Environmental Science: Citizen Action in the Global Environment

Claus Svendsen
Department of Environmental Conservation, Skagit Valley College

Summary


This special course in environmental science will explore how natural resource management has changed and developed over time. Many different socio-economic groups, institutions and NGOs continue to influence the societal values guiding the uses/abuses or conservation of our natural resources and biodiversity. Through readings, videos, fieldtrips, and guest speakers we will explore the challenges that we as individuals and nations face in the very near future. Finally, we will make international comparisons.

Course Size:
15-30

Institution Type:
Two Year College

Course Context:

Course is intended for 50% American and 50% Asian (mostly Chinese) students. Non-science majors. This special summer edition of environmental science (BIOL 107) integrates political science with environmental science. Each student, through group and individual work, will develop a service learning project.

Course Content:

The major themes are:
1) historical view of natural resource management in North America.
2) Forestry and fisheries issues.
3) Native American perspective and treaties.
4) Ecological templates, dam removal.
5) Climate change - Himalayas and the Puget Sound.
6) Energy choices - the good and the bad.
7) Whaling - Native Americans versus Asians. What constitutes indigenous peoples right?
8) Dryland forests - grazing and fire issues.
9) The role of NGOs.
10) The interconnectedness of the Puget Sound - Landuse, rivers, nearshore habitat, and Orcas.

Course Goals:

Integration:
The student project for this special summer edition of BIOL 107 integrates political science with environmental science. Each student, through group and individual work, will develop a service learning project that will consist of the following elements:

-identify an environmental problem in the student's home region and possible solution - it must be of a realistic scope
-identify the local stakeholders - individuals, groups, and institutions
-identify both the biology and politics of the problem
-what is the governmental structure and local political culture contributing to the problem
-identify local attitudes towards the problem
-proposed solution MUST make sense from both an environmental and political strategy in order to get the project off the ground
-identify all the local players
identify the necessary steps and a timeline for implementing the project

Students will write a concise essay and give an oral presentation. We will create a Moodle site for students to check in over the next year. They will be able to give updates on their progress with their project and exchange ideas.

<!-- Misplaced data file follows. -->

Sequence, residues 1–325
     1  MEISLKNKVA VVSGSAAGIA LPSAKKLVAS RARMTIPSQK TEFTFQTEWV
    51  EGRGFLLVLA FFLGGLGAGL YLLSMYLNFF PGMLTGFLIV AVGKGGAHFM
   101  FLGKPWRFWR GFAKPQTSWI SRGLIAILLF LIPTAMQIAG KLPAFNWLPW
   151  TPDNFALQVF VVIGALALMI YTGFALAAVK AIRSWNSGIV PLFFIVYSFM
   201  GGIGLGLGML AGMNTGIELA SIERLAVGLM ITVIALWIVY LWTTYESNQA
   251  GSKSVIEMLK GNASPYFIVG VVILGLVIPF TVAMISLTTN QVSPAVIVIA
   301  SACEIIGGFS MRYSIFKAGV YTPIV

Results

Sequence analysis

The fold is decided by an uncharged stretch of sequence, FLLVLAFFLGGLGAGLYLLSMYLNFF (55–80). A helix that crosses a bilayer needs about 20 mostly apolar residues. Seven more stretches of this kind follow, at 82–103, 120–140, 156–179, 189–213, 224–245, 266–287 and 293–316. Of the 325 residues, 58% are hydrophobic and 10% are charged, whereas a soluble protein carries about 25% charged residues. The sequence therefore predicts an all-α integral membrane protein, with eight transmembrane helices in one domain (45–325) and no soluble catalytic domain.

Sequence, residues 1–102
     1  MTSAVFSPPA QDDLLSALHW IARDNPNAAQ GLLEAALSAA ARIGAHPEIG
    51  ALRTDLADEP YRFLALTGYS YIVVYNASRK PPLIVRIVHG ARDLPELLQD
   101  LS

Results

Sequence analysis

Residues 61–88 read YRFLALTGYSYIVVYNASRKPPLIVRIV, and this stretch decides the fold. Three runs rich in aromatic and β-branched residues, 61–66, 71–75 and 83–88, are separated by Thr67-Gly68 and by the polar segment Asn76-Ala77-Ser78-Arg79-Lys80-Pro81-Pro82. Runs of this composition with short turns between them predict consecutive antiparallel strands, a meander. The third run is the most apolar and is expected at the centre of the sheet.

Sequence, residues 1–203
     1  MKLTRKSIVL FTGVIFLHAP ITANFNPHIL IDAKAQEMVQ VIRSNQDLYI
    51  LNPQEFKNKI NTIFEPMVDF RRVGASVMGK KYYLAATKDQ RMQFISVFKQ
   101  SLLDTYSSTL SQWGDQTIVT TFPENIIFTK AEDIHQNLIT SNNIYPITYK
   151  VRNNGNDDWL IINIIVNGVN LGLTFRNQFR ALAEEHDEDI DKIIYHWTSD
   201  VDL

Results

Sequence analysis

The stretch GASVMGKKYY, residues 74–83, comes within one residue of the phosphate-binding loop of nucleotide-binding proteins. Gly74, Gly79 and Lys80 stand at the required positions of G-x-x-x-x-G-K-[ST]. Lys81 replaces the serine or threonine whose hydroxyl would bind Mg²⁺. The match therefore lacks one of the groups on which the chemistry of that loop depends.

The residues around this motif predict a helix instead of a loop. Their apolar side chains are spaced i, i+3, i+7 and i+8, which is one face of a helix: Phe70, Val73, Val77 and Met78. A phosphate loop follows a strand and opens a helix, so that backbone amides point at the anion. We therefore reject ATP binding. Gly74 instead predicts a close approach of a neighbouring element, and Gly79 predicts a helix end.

We will keep in touch with students through our Moodle site. Students can chat, network, give updates, load photos.

This integration project integrates the issues from frieldtrips and guest lectures. In addition, it personalizes the curriculum to the student's home region.

Course Features:

The course is to be experiencial and uses and contextual pedagogy. The main features are numerous fieldtrips with guest speakers. Invited guest lecturers to the class, videos, and group discussions. A cornerstone of the course is the development of a service learning project that students walk away with.

Students will be exposed to a number of organizations and individuals who have made a positive infuence on the environment.

Course Philosophy:

The philosophy is to get students to understand the complex issues we face in light of many solutions possible. Especially, there is a focus on the development of the students asking critical questions about environmental issues in their home region, and look at solutions.

Finally, students should walk away with the sense that citizenship does make a difference. We can all make a positive change towards the future.

Assessment:

Students will write a concise essay and give an oral presentation. We will create a Moodle site for students to check in over the next year. They will be able to give updates on their progress with their project and exchange ideas.

We will keep in touch with students through our Moodle site. Students can chat, network, give updates, load photos.

Syllabus:

Syllabus BIOL 107 (2010) (Microsoft Word 89kB Aug9 11)

Teaching Materials:

Time schedule for the three week course (Microsoft Word 40kB Aug9 11)

References and Notes:



Evergreen State College